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States prepare to use constitutional authority

Amendment process intended to overhaul a broken system

Long

In recent months, several letters have been published in this space about the growing momentum behind a state-led effort to propose amendments to the U.S. Constitution. As someone who believes in this effort, which is authorized under Article V of the Constitution, I wanted to offer my own perspective and explain why I have played a role in organizing the states to pursue it.

To this point in our nation’s history, all constitutional amendments have been proposed by Congress. However, the authors of the Constitution included the state-led amendment option for a reason. It is on equal footing with the Congress-led amendment option and was meant to serve as a check on the central government.

The Founders feared that without this provision, states could never be assured of protection from the threat to their sovereign rights by an overreaching federal government. In fact, the Constitution would not have passed had this critical state power not been inserted into the final draft.

Today, there is a sense shared by millions of Americans that we are at a moment in the life of our nation unlike any we’ve experienced before.

Many believe Washington is broken, with Congress either unable or unwilling to control and reform itself, regardless of which party is in power. States’ rights have been trampled almost to the point of extinction. And federal spending continues to grow, unabated, creating an unsustainable level of debt that threatens the livelihood and future of our children and grandchildren. No generation has ever dumped such a mountain of debt upon the next generation. Yet no solutions are coming from Washington anytime soon.

This is exactly the environment that calls for the states to exercise their right under Article V to call an amendment convention to deal with the root cause of these problems.

Some have claimed that this effort will inevitably lead to a runaway convention that would scrap the Constitution altogether. There are reasons why this nightmare scenario is not a true threat.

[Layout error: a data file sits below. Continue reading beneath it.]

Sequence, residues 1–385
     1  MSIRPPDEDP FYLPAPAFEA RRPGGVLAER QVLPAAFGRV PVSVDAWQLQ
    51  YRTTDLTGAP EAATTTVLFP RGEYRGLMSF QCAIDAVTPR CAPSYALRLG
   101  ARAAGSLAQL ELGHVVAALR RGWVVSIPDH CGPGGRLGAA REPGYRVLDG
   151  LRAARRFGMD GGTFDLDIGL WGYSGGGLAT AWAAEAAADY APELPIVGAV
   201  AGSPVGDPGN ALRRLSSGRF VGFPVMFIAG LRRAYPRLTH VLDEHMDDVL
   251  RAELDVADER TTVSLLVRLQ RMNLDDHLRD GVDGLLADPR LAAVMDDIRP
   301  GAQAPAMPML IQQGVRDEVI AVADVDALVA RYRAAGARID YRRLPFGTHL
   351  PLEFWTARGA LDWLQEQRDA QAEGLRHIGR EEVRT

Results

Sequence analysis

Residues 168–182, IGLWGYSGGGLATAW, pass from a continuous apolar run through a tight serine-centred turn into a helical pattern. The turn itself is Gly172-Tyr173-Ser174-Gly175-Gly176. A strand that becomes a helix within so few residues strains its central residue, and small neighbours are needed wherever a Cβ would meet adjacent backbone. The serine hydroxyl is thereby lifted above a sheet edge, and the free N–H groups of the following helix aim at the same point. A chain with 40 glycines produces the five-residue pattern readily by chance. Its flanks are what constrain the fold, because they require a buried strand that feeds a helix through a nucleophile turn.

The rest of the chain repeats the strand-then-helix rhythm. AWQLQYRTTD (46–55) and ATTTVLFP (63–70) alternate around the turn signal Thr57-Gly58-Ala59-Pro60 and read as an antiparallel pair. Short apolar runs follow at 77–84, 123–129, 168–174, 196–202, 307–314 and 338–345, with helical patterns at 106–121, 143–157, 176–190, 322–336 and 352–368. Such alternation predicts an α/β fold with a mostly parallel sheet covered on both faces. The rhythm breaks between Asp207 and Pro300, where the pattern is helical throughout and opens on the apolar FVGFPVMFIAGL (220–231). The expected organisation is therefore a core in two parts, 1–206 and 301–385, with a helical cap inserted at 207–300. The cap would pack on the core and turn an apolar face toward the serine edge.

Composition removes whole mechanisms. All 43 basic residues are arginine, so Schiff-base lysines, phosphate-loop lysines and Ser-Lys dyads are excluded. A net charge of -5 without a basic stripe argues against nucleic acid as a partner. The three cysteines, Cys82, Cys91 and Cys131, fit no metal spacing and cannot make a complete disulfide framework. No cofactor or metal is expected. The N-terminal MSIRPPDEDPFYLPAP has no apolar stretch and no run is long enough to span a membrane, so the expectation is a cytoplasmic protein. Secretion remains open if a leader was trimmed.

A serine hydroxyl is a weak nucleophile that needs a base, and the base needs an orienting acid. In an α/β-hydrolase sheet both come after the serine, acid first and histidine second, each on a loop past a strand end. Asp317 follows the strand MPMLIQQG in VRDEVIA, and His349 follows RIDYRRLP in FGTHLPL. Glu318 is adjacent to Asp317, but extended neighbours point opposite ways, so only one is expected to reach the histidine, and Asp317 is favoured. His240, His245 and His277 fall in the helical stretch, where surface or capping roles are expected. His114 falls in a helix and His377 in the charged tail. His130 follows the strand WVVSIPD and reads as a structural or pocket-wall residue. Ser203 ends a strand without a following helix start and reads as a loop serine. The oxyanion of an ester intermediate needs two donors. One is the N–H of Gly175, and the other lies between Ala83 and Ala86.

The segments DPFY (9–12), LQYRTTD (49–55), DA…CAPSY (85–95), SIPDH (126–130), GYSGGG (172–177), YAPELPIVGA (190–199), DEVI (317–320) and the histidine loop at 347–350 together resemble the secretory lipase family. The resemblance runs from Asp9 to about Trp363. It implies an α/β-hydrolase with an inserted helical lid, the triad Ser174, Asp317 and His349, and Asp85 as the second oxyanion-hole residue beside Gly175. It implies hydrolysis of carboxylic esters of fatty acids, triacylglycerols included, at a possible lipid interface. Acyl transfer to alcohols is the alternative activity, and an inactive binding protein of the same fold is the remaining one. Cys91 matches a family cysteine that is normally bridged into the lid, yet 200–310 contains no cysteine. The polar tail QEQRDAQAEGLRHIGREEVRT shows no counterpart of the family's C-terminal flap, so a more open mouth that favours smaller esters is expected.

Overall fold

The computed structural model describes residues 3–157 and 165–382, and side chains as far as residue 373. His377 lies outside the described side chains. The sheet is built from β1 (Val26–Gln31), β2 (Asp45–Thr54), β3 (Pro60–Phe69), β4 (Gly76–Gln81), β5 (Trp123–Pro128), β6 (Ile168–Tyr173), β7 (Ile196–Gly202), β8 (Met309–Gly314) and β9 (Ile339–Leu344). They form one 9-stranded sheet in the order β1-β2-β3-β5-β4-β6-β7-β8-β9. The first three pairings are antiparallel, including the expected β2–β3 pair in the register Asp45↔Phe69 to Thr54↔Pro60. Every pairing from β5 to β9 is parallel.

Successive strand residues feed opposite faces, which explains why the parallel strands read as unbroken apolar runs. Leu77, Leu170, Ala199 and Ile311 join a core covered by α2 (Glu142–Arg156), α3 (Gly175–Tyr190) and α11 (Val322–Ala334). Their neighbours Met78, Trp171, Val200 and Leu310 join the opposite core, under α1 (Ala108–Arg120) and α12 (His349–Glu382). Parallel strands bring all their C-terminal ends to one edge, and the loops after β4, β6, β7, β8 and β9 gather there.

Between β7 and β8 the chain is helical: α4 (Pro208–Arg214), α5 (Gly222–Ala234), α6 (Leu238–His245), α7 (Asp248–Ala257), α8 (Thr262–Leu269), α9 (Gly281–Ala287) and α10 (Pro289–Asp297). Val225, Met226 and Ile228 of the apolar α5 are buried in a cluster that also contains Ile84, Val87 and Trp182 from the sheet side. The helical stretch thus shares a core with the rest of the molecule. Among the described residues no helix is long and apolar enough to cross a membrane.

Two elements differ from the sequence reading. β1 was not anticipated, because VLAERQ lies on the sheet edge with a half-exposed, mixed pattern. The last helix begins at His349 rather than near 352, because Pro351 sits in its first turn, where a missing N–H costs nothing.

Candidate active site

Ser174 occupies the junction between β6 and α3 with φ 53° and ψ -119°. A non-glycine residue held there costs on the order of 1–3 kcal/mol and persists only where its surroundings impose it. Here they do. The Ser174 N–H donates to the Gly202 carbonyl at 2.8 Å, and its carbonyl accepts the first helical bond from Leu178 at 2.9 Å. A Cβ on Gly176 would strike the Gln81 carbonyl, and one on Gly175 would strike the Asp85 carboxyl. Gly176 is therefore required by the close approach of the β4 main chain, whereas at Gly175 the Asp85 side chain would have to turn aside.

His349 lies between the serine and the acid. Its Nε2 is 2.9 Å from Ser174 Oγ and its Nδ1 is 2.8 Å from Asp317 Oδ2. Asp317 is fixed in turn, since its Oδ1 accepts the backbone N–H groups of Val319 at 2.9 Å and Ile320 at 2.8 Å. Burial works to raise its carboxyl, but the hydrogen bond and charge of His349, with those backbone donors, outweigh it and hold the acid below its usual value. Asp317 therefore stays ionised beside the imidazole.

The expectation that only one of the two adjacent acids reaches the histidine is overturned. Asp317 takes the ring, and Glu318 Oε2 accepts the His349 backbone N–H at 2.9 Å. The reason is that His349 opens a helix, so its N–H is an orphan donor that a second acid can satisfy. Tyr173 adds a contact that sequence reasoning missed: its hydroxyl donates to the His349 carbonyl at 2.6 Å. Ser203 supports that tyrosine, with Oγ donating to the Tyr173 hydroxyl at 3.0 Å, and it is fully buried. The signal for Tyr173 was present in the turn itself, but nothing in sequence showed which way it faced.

In Indiana, we have passed laws that provide a safeguard against this by firmly restricting what our delegates to such a convention may consider. Other states are pursuing similar laws. It’s also important to remember that the process outlined in Article V of the Constitution requires three-fourths of the states to ratify any amendment that is approved by such a convention. Any radical proposals wouldn’t clear this high bar.

Furthermore, the group of state legislators whom I’ve been involved with – The Assembly of State Legislatures – is focused on establishing consensus among the states for the rules and procedures that would be needed to conduct an orderly, effective convention of the states. This group met recently at the Indiana Statehouse with more than 100 state legislators from 30 states present. It was the first such gathering of the states in 227 years.

I believe the work this group is doing is vitally important to the larger effort of pursuing a state-led amendment convention. Only when firm rules and guidelines are established will a convention be able to take place in an effective manner, without the fear of it running away into unintended territory.

I have no illusions that it will be easy for states to successfully put together the first Article V amendment convention in history. But when I consider the gridlock and dysfunction that seem to grip Washington these days, I remain firm in my belief that the states must make every effort to use this constitutional tool they’ve been given. If the states don’t do something now, when will they? And who will?

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